College Access: Research & Action (CARA)
In my high school, I estimate that ninety-six percent of our students are female and four percent are male. Among the seniors, there is one group of immature, loud, obnoxious, but talented boys – and they were put on my caseload. Being a Youth Leader, I was used to taking on unexpected responsibilities. But that semester, I had a caseload of fifty-six students. Well, fifty-six boys to be exact. I knew that it would be hard for me to sit down and have a mature conversation with them, but I was up for the challenge. As the student body president, I have never met a challenge I couldn’t overcome, or a challenge I didn’t want to take on. I knew that being a Youth Leader meant that I would have to overcome the challenges and get those boys to apply for college. I had to figure out a strategy. In every group of boys there is always a ringleader. Among the boys in my caseload, the ringleader was a boy named John. If I could get him on board with the idea of going to college, I could reach the other boys as well.
When you’re a Youth Leader, you need to be exceptional. You need to confront your fears. Whether it’s speaking to students that aren’t necessarily your friends or your enemies or speaking to students you pass by during the day without making any eye contact. It’s getting yourself to that comfort level within yourself to say, “Yes, this is hard, but I’m a great Youth Leader and I will prevail!” Even though I was not comfortable speaking to that egotistical, immature four percent, I knew that I had to do it because I also believed they were capable of going to college. They might have been obnoxious adolescent boys, but they were great, ambitious, and talented young men. My job was to make sure they had a plan for college.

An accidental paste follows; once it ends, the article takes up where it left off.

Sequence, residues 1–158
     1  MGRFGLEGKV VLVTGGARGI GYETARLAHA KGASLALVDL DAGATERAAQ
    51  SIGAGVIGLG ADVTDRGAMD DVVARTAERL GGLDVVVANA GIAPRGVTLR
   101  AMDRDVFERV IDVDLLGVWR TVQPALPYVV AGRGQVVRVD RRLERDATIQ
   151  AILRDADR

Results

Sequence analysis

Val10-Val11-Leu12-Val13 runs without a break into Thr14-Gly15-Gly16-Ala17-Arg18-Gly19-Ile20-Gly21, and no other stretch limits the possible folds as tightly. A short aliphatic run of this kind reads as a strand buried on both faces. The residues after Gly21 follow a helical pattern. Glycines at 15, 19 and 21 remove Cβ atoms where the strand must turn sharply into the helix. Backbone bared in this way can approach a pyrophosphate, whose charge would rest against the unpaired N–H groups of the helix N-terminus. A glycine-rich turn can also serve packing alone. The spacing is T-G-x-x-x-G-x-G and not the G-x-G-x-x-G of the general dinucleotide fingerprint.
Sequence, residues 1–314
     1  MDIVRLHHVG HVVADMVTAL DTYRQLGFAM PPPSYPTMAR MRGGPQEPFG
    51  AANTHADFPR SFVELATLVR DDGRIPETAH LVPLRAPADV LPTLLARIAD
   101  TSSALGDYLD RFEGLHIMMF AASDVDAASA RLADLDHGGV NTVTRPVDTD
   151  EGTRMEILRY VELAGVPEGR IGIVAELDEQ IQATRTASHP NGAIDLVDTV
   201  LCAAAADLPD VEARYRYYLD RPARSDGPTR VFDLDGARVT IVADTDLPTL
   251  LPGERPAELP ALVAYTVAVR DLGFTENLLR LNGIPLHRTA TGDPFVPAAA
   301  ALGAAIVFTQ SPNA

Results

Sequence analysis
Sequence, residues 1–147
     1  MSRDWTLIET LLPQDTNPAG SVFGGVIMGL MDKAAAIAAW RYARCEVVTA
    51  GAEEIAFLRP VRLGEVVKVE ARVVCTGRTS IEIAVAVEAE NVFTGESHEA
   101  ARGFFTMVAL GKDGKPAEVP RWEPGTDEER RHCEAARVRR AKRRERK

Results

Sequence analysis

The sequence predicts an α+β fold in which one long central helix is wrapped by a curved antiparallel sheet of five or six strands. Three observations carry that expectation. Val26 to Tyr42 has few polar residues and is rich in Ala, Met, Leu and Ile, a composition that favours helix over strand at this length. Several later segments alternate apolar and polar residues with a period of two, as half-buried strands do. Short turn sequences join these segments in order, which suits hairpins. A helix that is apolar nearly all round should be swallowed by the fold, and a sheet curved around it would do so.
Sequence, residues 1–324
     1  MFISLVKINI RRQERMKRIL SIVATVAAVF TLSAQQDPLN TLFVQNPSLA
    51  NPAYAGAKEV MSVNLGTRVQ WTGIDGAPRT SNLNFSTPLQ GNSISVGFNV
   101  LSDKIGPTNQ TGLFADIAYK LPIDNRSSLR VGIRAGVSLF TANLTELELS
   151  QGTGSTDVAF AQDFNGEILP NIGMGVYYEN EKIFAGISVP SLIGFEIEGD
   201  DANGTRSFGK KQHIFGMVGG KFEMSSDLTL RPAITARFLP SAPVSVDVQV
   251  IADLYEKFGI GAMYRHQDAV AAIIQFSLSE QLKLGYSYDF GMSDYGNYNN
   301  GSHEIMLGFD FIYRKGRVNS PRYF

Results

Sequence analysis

One afternoon, I approached John, and I told him about my plan for him and college, which was simply to meet with him one day after school and create a list of schools he was interested in. He was surprisingly excited. He knew where he wanted to go and what he wanted to study. I felt relieved to know half my work was done, but I wanted to kill ten birds with one stone. I proceeded to ask him to invite his friends over to the college office after basketball practice so that I could help them with their college searches. He agreed to this plan and we picked a time to meet.
On the afternoon we agreed upon, I waited at the college office for the boys to show up. Ten minutes passed by and I became nervous with despair. Then fifteen minutes, twenty minutes, and finally, thirty minutes passed after 5pm, and I started to lose faith. I started to pack up my bag, feeling let down, when I finally heard a loud ruckus interrupting my focus on getting ready to leave. I heard the boys walking up to the College Office. Excited, I unpacked my bag and welcomed them in. John was most excited, I must say. It was difficult to keep them focused, but John kept them on track and undistracted by social media. We were able to get all of the ten boys to create a list of safety, match, and reach schools. When they left that afternoon, I experienced a sense of accomplishment. I felt like I was at the end of the marathon, and I could hear my college adviser’s applause, telling me what a good job I did.
Six months later, I am proud of those ten boys. They were each admitted into one of their top three choices. To me being a Youth Leader doesn’t mean popularity or a pay check, it’s the power of knowledge and the opportunity to use it to support your peers. It means that someone you know will be attending college to further their education because you helped them. It’s a great feeling that no one can ever take away from you.